Public Release:  Active compounds found in Ganoderma lucidum fungus with potential to treat prostate cancer

University of Haifa

A new development in the fight against cancer: Recent research at the University of Haifa found that molecules found in common fungus Ganoderma lucidum aid in suppressing some of the mechanisms involved in the progression of prostate cancer. The main action of the fungus: disrupting androgen receptor activity and impeding the proliferation of cancerous cells.

Over the past 3-4 decades much scientific research has dealt with the medicinal properties of different fungi. One of the important characteristics of fungi is the ability to fight cancer in a number of ways; however most of the research has been concentrated on how fungi affect the immune system. In this research, conducted by Dr. Ben-Zion Zaidman, under the direction of Prof. Eviatar Nevo and Prof. Solomon Wasser from the Institute of Evolution at the University of Haifa, and Dr. Jamal Mahajna from the Migal Galilee Technology Center, the researchers examined how fungi fight cancer from within cells. "Up to now, research has been based on enhancing the immune system with high-molecular-weight polysaccharides that act through specific receptors in cell membranes. We concentrated our research on low-molecular-weight secondary metabolites that can penetrate the cells and act at the molecular level from within the cell itself," explained Dr. Zaidman.

According to Dr. Zaidman, prostate cancer, one of the most common cancers found among men in the Western World, is controlled by the androgen receptor, especially at the initial stages of development of the disease. Therefore, all of the current medications used to treat prostate cancer work to reduce the production of androgens or to interfere with their function via the androgen receptor.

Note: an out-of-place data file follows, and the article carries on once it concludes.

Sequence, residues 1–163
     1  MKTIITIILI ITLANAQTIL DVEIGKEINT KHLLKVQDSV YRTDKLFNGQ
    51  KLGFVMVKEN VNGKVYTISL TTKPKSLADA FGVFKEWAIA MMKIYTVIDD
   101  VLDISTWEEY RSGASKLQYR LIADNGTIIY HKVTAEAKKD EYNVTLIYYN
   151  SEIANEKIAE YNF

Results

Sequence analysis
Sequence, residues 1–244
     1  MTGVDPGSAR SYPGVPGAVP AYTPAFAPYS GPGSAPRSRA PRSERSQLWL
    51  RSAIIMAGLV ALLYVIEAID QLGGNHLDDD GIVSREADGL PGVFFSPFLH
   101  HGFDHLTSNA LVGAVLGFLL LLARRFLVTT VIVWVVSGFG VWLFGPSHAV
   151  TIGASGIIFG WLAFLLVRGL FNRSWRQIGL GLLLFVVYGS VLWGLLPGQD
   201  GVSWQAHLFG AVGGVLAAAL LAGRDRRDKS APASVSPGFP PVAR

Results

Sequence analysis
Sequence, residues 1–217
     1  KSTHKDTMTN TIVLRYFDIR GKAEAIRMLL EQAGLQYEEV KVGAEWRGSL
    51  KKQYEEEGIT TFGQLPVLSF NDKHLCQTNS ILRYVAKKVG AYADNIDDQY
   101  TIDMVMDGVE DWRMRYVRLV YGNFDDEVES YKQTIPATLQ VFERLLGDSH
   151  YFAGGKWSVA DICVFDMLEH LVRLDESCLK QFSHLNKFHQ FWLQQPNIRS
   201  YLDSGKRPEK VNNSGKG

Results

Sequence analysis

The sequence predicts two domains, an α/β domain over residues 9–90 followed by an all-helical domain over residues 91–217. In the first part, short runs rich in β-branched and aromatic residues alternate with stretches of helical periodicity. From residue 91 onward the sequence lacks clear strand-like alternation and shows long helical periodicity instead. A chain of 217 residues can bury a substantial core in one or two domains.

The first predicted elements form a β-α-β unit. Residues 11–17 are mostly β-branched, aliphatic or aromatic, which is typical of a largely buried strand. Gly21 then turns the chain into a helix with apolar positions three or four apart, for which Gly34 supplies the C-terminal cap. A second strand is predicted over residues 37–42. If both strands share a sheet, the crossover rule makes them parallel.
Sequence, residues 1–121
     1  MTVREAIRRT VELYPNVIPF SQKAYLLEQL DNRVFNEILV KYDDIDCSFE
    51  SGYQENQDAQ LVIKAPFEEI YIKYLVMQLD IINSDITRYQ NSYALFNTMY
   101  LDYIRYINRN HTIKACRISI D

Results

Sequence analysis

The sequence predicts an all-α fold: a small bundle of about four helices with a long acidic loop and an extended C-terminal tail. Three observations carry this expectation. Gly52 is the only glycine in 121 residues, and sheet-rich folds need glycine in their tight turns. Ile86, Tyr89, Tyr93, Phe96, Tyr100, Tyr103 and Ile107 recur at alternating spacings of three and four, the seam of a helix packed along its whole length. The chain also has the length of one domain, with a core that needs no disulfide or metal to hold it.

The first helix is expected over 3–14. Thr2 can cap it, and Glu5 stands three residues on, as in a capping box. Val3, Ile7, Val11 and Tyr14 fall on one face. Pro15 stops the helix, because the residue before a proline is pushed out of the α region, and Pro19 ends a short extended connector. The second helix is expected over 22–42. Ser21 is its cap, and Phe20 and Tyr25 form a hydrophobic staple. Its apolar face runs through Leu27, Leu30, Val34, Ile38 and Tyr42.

At the first stage of the research, 201 organic extracts from 68 types of fungi were produced with solvents such as ether, ethyl acetate and ethanol. These solvents are used to select molecules that are small enough to act from within the cells. Of the 201 extracts, 11 were found to deter androgen receptor activity by more than 40%. In further testing, 169 extracts were tested for cancer cell growth inhibition. In this study, 14 extracts were found to be active in inhibiting prostate cancer cells.

From among the active extracts, those from Ganoderma lucidum were found to be the most effective in inhibiting the function of the androgen receptor and controlling vital development of cancerous cells. "The results of this research are particularly interesting from a commercial aspect. Potential possibilities exist to establish research and development of bioactive metabolites from Ganoderma lucidum that could yield an anti-prostate cancer drug," remarked Dr. Zaidman.

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